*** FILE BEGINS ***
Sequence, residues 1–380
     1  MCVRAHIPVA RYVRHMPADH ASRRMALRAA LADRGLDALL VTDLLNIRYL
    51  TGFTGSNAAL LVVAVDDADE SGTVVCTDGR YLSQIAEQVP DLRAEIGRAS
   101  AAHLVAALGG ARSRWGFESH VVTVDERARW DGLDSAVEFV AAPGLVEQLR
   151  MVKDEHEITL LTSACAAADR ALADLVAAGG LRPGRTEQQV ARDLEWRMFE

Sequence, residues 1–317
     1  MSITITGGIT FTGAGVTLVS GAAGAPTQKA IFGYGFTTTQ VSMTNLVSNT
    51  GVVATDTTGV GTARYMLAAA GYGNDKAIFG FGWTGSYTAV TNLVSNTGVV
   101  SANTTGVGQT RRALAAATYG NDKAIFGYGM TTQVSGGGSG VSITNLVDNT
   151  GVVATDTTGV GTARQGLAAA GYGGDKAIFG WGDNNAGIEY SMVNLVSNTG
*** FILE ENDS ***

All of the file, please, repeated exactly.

Sequence, residues 1–380
     1  MCVRAHIPVA RYVRHMPADH ASRRMALRAA LADRGLDALL VTDLLNIRYL
    51  TGFTGSNAAL LVVAVDDADE SGTVVCTDGR YLSQIAEQVP DLRAEIGRAS
   101  AAHLVAALGG ARSRWGFESH VVTVDERARW DGLDSAVEFV AAPGLVEQLR
   151  MVKDEHEITL LTSACAAADR ALADLVAAGG LRPGRTEQQV ARDLEWRMFE

Sequence, residues 1–317
     1  MSITITGGIT FTGAGVTLVS GAAGAPTQKA IFGYGFTTTQ VSMTNLVSNT
    51  GVVATDTTGV GTARYMLAAA GYGNDKAIFG FGWTGSYTAV TNLVSNTGVV
   101  SANTTGVGQT RRALAAATYG NDKAIFGYGM TTQVSGGGSG VSITNLVDNT
   151  GVVATDTTGV GTARQGLAAA GYGGDKAIFG WGDNNAGIEY SMVNLVSNTG